Development of a Virtual Force Sensor for a Low-Cost Collaborative Robot and Applications to Safety Control.
ABSTRACT: To protect operators and conform to safety standards for human-machine interactions, the design of collaborative robot arms often incorporates flexible mechanisms and force sensors to detect and absorb external impact forces. However, this approach increases production costs, making the introduction of such robot arms into low-cost service applications difficult. This study proposes a low-cost, sensorless rigid robot arm design that employs a virtual force sensor and stiffness control to enable the safety collision detection and low-precision force control of robot arms. In this design, when a robot arm is subjected to an external force while in motion, the contact force observer estimates the external torques on each joint according to the motor electric current and calculation errors of the system model, which are then used to estimate the external contact force exerted on the robot arm's end-effector. Additionally, a torque saturation limiter is added to the servo drive for each axis to enable the real-time adjustment of joint torque output according to the estimated external force, regulation of system stiffness, and achievement of impedance control that can be applied in safety measures and force control. The design this study developed is a departure from the conventional multisensor flexible mechanism approach. Moreover, it is a low-cost and sensorless design that relies on model-based control for stiffness regulation, thereby improving the safety and force control in robot arm applications.
Project description:Soft robot arms possess unique capabilities when it comes to adaptability, flexibility, and dexterity. In addition, soft systems that are pneumatically actuated can claim high power-to-weight ratio. One of the main drawbacks of pneumatically actuated soft arms is that their stiffness cannot be varied independently from their end-effector position in space. The novel robot arm physical design presented in this article successfully decouples its end-effector positioning from its stiffness. An experimental characterization of this ability is coupled with a mathematical analysis. The arm combines the light weight, high payload to weight ratio and robustness of pneumatic actuation with the adaptability and versatility of variable stiffness. Light weight is a vital component of the inherent safety approach to physical human-robot interaction. To characterize the arm, a neural network analysis of the curvature of the arm for different input pressures is performed. The curvature-pressure relationship is also characterized experimentally.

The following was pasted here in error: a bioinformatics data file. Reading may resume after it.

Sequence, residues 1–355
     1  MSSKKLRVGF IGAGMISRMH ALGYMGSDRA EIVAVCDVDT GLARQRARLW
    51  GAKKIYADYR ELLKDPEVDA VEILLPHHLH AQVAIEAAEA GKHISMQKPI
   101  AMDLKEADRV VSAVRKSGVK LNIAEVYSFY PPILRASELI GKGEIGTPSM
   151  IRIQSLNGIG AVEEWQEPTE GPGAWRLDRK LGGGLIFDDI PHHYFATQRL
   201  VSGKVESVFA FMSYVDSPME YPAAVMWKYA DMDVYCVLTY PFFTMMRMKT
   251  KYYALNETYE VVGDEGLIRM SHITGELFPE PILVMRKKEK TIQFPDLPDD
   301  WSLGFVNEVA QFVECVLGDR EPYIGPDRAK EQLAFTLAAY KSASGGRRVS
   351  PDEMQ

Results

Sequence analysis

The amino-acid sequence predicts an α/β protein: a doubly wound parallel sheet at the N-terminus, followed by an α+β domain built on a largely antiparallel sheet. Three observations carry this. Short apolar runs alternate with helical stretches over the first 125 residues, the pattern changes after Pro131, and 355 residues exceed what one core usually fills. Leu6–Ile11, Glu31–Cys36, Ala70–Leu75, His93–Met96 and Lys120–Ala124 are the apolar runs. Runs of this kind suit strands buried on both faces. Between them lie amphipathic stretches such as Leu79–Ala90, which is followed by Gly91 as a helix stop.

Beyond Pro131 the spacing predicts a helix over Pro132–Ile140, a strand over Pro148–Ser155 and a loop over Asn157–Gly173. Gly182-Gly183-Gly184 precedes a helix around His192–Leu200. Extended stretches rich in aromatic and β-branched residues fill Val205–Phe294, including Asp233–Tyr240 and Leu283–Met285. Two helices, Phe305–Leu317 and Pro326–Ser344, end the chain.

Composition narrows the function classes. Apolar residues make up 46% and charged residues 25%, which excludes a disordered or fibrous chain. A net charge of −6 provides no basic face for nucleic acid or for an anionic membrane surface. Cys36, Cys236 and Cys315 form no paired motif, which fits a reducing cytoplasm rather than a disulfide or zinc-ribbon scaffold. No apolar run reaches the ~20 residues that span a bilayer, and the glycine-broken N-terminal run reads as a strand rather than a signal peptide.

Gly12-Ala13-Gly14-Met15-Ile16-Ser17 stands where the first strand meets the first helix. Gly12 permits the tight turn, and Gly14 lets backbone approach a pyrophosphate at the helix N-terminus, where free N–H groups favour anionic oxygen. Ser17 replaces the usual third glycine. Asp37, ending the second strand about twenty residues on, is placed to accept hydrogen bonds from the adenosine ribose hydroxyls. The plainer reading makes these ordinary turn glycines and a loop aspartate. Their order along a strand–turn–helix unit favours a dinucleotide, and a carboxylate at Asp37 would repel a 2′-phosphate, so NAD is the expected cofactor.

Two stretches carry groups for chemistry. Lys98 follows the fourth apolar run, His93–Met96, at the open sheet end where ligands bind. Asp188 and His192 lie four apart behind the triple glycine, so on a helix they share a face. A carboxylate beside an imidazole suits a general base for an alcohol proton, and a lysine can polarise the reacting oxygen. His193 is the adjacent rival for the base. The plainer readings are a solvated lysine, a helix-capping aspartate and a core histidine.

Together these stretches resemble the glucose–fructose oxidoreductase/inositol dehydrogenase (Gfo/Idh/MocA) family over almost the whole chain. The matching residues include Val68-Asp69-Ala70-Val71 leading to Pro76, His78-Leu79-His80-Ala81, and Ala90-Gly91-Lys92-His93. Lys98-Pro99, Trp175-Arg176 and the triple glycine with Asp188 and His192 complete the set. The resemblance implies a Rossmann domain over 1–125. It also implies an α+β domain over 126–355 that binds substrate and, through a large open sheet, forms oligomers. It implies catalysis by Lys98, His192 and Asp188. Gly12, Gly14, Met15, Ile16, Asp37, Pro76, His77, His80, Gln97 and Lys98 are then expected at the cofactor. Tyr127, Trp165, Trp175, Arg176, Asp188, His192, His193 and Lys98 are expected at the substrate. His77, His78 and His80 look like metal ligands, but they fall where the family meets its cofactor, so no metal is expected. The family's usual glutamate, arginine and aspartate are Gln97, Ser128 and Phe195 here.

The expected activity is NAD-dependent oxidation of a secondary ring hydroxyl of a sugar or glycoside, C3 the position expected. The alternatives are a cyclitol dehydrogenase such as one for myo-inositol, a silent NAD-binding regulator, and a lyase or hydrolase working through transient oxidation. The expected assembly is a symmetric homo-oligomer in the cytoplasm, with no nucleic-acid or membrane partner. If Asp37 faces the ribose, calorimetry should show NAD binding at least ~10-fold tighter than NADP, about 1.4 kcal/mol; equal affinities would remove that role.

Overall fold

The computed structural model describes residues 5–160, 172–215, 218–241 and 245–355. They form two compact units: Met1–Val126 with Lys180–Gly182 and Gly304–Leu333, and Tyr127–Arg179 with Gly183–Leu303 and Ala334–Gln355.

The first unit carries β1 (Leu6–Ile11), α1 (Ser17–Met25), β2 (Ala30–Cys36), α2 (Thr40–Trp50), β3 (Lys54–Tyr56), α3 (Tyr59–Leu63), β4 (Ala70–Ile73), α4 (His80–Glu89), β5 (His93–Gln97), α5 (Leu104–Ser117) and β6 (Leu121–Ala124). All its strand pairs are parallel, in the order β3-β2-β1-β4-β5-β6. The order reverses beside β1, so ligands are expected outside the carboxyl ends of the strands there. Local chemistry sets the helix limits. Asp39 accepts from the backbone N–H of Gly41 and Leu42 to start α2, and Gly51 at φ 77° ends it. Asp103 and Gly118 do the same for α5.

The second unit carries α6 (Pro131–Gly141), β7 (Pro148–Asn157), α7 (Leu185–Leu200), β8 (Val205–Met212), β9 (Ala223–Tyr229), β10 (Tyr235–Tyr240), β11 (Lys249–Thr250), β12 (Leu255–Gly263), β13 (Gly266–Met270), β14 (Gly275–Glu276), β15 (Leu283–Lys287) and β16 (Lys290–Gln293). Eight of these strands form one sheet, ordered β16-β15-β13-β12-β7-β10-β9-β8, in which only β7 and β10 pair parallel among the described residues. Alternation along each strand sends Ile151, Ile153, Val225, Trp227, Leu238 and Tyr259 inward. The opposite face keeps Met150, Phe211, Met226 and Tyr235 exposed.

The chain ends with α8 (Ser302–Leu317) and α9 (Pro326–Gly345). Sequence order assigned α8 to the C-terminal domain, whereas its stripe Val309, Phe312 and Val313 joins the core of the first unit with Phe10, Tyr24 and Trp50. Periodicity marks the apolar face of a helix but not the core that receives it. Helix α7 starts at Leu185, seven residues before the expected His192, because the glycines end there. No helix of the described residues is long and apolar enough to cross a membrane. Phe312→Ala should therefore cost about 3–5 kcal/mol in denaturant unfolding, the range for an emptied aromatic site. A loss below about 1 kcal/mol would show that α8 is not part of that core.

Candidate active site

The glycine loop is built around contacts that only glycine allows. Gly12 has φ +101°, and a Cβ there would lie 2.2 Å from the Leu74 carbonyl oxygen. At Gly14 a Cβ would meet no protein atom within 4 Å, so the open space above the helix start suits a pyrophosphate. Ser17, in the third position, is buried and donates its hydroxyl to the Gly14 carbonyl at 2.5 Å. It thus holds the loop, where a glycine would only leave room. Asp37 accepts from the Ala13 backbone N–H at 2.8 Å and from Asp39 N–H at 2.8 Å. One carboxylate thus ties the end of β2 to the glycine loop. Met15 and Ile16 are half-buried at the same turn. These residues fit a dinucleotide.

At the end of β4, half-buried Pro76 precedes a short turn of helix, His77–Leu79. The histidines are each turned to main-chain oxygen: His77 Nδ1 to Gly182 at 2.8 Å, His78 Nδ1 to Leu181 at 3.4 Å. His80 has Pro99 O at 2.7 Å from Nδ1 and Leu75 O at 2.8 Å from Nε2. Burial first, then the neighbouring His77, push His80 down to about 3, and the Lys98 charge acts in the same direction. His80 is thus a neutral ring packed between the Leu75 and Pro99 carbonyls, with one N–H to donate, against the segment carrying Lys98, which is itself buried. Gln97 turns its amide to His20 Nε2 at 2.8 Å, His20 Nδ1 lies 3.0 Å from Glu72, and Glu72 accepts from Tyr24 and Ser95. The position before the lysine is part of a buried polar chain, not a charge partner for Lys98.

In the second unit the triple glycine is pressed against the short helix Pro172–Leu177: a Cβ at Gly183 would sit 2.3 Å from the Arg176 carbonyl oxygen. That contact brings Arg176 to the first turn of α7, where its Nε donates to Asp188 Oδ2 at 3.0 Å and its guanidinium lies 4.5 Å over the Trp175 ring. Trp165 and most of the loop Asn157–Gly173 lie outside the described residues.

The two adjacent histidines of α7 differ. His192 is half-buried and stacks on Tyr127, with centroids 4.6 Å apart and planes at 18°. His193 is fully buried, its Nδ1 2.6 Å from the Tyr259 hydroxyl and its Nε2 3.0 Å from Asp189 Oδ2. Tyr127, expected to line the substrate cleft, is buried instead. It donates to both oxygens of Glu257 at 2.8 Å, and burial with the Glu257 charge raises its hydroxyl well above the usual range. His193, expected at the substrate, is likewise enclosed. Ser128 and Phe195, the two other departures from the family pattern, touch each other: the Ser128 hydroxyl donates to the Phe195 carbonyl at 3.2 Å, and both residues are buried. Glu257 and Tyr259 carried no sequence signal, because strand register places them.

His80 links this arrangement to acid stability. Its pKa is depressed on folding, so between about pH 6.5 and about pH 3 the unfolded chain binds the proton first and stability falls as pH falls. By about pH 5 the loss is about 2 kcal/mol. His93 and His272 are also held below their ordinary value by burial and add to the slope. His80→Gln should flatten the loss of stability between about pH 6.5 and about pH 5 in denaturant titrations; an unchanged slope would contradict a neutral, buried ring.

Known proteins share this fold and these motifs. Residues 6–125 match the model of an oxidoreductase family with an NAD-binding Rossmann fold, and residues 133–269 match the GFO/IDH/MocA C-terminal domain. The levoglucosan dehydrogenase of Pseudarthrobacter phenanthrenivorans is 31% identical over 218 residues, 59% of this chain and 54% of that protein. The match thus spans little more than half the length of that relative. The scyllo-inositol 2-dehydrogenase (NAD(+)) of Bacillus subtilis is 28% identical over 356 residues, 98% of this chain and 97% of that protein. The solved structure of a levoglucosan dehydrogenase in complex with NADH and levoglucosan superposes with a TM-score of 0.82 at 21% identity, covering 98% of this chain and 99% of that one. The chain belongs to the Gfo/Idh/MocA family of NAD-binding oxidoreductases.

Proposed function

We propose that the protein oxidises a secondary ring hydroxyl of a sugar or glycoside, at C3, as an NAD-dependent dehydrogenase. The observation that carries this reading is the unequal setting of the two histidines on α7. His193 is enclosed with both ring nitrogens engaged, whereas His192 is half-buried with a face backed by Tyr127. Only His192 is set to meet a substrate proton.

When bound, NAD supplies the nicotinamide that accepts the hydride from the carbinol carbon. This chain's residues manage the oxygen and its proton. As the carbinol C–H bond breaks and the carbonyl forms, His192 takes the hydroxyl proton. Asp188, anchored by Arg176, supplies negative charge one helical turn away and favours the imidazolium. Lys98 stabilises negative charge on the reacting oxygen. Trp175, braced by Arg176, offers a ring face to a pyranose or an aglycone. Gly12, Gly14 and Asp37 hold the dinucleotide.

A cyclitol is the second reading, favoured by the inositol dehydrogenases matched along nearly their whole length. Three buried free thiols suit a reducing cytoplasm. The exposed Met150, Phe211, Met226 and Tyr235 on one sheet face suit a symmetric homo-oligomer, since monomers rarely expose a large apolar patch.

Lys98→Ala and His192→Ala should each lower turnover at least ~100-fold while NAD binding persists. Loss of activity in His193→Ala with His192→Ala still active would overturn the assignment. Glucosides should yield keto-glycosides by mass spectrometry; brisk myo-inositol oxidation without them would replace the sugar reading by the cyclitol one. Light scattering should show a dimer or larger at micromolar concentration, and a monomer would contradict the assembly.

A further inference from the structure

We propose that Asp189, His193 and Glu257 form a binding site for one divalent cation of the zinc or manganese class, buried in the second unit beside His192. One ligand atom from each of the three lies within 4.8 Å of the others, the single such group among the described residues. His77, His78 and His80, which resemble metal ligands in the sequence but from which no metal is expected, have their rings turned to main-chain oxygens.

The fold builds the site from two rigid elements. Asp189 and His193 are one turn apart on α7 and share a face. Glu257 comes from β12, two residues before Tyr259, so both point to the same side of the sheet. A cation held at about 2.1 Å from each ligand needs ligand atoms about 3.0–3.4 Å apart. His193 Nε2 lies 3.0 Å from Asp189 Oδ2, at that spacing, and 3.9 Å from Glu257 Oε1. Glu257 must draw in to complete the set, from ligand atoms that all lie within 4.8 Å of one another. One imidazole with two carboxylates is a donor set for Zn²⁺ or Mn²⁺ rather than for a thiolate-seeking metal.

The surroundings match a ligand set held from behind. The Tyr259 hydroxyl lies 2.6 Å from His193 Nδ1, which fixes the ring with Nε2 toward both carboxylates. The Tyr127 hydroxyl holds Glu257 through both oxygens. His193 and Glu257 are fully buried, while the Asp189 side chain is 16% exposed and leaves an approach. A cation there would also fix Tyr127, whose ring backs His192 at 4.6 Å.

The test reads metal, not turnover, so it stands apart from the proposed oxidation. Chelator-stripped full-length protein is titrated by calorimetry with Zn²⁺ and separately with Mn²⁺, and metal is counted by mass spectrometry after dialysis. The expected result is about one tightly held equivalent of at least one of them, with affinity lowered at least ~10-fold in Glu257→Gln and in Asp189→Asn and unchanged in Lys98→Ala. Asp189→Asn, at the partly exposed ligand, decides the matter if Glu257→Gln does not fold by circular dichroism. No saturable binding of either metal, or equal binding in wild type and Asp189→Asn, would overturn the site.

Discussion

Project description:To this day, despite the increasing motor capability of robotic devices, elaborating efficient control strategies is still a key challenge in the field of humanoid robotic arms. In particular, providing a human "pilot" with efficient ways to drive such a robotic arm requires thorough testing prior to integration into a finished system. Additionally, when it is needed to preserve anatomical consistency between pilot and robot, such testing requires to employ devices showing human-like features. To fulfill this need for a biomimetic test platform, we present Reachy, a human-like life-scale robotic arm with seven joints from shoulder to wrist. Although Reachy does not include a poly-articulated hand and is therefore more suitable for studying reaching than manipulation, a robotic hand prototype from available third-party projects could be integrated to it. Its 3D-printed structure and off-the-shelf actuators make it inexpensive relatively to the price of an industrial-grade robot. Using an open-source architecture, its design makes it broadly connectable and customizable, so it can be integrated into many applications. To illustrate how Reachy can connect to external devices, this paper presents several proofs of concept where it is operated with various control strategies, such as tele-operation or gaze-driven control. In this way, Reachy can help researchers to explore, develop and test innovative control strategies and interfaces on a human-like robot.
Project description:For industrial manufacturing, industrial robots are required to work together with human counterparts on certain special occasions, where human workers share their skills with robots. Intuitive human?robot interaction brings increasing safety challenges, which can be properly addressed by using sensor-based active control technology. In this article, we designed and fabricated a three-dimensional flexible robot skin made by the piezoresistive nanocomposite based on the need for enhancement of the security performance of the collaborative robot. The robot skin endowed the YuMi robot with a tactile perception like human skin. The developed sensing unit in the robot skin showed the one-to-one correspondence between force input and resistance output (percentage change in impedance) in the range of 0?6.5 N. Furthermore, the calibration result indicated that the developed sensing unit is capable of offering a maximum force sensitivity (percentage change in impedance per Newton force) of 18.83% N<sup>-1</sup> when loaded with an external force of 6.5 N. The fabricated sensing unit showed good reproducibility after loading with cyclic force (0?5.5 N) under a frequency of 0.65 Hz for 3500 cycles. In addition, to suppress the bypass crosstalk in robot skin, we designed a readout circuit for sampling tactile data. Moreover, experiments were conducted to estimate the contact/collision force between the object and the robot in a real-time manner. The experiment results showed that the implemented robot skin can provide an efficient approach for natural and secure human?robot interaction.